Emmanuel Addeh in Abuja
The federal government has met with a team from Seplat Energy, to resolve the stalemate arising from the proposed $1.3 billion ExxonMobil’s oil asset sale which has now been held up for close to two years.
It wasn’t clear what the details of the meeting which took place in Abuja were, but the Minister of State, Petroleum (Oil), Senator Heineken Lokpobiri, hinted that it bordered on ways to resolve the prolonged altercation.
On his verified X/Twitter handle, Lokpobiri stressed that the matter needed to be quickly settled because Nigeria wants to ‘‘aggressively’’ ramp up its crude oil production, which has tanked for more than three years.
However, under the deal unveiled in February 2022, Seplat had agreed to pay the sum for an Exxon unit that holds a 40 per cent operating stake in four shallow-water licenses.
If the transaction succeeds, it will be one of the biggest divestments in Nigerian history, since energy majors like Shell Plc started offloading unwanted assets in the late 2000s.
Former President Muhammadu Buhari, who doubled as Nigeria’s oil minister, endorsed the sale in August last year, before swiftly rowing back after the country’s energy regulator, the Nigerian Upstream Petroleum Regulatory Commission (NUPRC) rejected his approval.
State-owned Nigerian National Petroleum Company Limited (NNPC) which holds 60 per cent of the permits — had opposed the sale and sued Exxon in the capital, Abuja, claiming it had the right to acquire the blocks itself from the US major.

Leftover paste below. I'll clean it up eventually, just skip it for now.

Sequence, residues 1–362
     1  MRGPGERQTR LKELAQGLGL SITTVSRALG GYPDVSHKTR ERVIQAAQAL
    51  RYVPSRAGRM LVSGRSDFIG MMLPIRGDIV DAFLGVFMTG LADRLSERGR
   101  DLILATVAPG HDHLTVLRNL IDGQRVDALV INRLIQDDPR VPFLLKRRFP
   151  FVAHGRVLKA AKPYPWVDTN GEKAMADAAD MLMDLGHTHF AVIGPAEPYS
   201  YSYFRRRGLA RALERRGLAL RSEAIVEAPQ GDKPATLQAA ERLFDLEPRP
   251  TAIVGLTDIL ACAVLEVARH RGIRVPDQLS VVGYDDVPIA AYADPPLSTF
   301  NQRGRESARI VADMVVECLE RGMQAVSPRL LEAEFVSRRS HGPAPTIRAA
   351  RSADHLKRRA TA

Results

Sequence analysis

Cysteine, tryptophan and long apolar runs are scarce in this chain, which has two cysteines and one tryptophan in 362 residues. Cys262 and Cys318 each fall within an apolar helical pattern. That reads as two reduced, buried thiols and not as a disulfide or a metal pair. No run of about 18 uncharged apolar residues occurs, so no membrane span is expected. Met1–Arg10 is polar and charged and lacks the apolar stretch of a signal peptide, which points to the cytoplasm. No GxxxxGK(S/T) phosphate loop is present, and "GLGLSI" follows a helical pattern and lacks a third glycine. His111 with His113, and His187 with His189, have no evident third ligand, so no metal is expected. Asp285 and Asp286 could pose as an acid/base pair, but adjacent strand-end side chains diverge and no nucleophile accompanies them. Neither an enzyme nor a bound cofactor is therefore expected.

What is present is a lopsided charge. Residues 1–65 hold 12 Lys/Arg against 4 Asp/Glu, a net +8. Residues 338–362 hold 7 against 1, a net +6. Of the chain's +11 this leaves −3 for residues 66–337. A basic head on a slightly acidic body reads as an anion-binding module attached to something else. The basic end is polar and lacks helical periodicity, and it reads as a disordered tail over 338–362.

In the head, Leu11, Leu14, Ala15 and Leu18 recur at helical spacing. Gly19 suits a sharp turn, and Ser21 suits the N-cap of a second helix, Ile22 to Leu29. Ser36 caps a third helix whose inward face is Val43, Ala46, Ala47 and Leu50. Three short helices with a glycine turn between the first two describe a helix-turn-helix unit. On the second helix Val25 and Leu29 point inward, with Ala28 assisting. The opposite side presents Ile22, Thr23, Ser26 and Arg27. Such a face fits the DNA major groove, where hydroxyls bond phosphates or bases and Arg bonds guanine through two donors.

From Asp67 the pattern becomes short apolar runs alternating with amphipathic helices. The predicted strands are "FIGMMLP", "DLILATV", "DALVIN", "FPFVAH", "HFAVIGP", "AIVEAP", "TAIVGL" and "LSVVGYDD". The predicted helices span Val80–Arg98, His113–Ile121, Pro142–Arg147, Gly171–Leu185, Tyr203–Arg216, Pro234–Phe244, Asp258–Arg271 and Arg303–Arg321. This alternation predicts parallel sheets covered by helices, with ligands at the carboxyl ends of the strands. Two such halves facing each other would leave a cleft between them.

The national oil company insisted that it had the first refusal rights and has since then blocked the deal between Seplat and ExxonMobil. But Seplat had disagreed with the NNPC.
“What we are buying are shares sold by US companies, so that is a completely different animal because we’re buying a company,” Seplat’s Chief Executive, Roger Brown said recently.
The “hidden value” for Seplat in the Exxon deal is the natural gas in the blocks, according to Brown, whose firm is already one of the largest domestic suppliers of the fuel to Nigerian power plants.
Also in June, THISDAY reported that officials of ExxonMobil visited President Bola Tinubu in Abuja, where the president pledged to ensure competition in the oil and gas industry in the country.
Exxon Nigeria controls four oil mining leases (OMLs 67, 68, 70, 104) and its portfolio includes one of Nigeria’s largest export facilities, the Qua Iboe Terminal.
It also has a 51 per cent interest in Bonny River Terminal and Natural Gas Liquids Recovery Plants at East Area Projects (EAP) and Oso.
Lokpobiri noted that the meeting with the Seplat team was fruitful, describing it as a significant step to ending the stalemate.
“In pursuit of resolving the ExxonMobil and NNPC divestment dispute, as per our mandate to aggressively increase production, I engaged in constructive discussions with Seplat Energy, led by its Managing Director, Mr. Roger Brown.
“Our deliberations were incredibly fruitful, marking a significant step forward in ending the impasse and paving the way for the nation to reap prosperity from the assets acquisition,” Lokpobiri added.
In a bid to remove all the bottlenecks to Nigeria’s oil output, the federal government had during the week withdrawn court cases against Eni and Shell.